In quantum theory having underlying ontic states but an epistemic interpretation of the wave function means you have a probability distribution over those states, which may overlap over some of those states.

The PBR result shows that for a tensor product corresponding to say, two elections, being prepared in any state, any possible outcome of measurement should have a zero probability of occurring (see the original paper for technical details). Which is clearly false. So there's a tension created between (a) and (b).

I already stated that there were conditions of the PBR theorem that needed to be assumed in order to get the argument to work, so we're going to have deny one or more of these assumptions if we want to maintain both (a) and (b). As it turns out, we don't need to postulate anything new, because the CH approach already, denies the "separability" assumption made by PBR (it was also assumed in Bell's theorem), that ontic properties are localized in spacetime.

That is to say that the properties of a quantum system may be correlated with another, very far away system. When two systems are considered, along with a measuring device there is going to be a certain correlation between them. What happens to the measured properties of P is not irrelevant if a statement about the properties of P' has already been made.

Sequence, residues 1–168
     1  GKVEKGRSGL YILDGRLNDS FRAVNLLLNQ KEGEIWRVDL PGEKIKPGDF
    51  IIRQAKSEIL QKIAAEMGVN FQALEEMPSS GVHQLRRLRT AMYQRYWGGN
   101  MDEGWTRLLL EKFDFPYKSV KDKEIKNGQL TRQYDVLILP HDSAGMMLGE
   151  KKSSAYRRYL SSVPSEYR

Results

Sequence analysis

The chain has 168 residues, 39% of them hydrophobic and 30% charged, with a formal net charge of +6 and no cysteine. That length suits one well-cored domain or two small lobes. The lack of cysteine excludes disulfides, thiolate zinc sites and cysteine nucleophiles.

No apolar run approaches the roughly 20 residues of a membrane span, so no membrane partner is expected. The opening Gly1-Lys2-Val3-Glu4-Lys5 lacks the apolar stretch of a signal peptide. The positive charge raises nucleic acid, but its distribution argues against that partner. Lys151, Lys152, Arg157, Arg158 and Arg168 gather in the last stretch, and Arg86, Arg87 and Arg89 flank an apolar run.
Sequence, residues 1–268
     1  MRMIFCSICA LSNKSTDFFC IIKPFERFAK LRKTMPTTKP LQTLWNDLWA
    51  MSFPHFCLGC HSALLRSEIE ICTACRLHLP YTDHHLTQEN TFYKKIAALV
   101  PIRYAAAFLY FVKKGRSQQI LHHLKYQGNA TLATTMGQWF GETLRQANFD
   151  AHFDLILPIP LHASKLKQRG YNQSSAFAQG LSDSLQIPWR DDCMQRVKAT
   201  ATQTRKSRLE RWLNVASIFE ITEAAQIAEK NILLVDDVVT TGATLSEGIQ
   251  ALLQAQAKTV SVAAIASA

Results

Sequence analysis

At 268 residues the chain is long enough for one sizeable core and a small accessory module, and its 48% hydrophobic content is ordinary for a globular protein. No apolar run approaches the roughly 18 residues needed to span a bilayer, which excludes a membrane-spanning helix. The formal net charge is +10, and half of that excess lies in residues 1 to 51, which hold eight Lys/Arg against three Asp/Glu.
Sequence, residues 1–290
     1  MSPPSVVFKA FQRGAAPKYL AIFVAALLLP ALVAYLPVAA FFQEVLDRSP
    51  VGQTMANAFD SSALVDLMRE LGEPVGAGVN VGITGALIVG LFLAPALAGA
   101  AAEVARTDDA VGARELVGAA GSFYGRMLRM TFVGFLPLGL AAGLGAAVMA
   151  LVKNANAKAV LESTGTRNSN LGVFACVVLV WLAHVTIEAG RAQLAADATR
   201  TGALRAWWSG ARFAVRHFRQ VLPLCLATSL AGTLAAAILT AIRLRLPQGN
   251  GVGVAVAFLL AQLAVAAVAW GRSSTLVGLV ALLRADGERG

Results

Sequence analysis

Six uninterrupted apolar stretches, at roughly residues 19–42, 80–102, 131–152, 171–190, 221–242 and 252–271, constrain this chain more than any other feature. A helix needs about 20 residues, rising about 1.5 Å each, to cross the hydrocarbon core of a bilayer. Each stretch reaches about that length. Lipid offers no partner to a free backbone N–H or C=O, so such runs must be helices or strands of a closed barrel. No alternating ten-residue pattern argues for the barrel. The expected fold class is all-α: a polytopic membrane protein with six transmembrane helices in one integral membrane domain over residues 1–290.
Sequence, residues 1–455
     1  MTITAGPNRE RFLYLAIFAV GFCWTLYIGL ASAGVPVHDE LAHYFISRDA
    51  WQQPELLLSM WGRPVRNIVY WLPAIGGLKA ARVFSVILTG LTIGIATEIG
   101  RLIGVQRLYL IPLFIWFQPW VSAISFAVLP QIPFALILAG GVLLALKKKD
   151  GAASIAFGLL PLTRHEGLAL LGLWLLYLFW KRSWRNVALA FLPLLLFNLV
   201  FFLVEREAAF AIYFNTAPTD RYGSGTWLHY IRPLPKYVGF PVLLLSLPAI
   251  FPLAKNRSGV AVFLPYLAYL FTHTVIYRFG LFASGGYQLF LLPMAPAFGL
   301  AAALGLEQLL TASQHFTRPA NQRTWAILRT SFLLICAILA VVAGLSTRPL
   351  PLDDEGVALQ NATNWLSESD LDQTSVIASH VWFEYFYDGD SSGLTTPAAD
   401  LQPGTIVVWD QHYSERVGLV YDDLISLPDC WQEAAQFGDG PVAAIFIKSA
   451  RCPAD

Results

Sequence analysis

This tells us that systems with no direct interaction can still be correlated, even if they're separated at distances greater than what the speed of light can reach (in a given time). This is only true in some special cases and is determined by our preparation device. This is hardly surprising to a Consistent Historian, in this approach there is only one wave function, the wave function of the universe, that never collapses, only parts of it decohere with respect to other pats. It makes sense to talk about the properties of a whole system rather than individual parts.

As one quantum theorist put it "a wave function for several particles is not a product of the wave function for individual particles".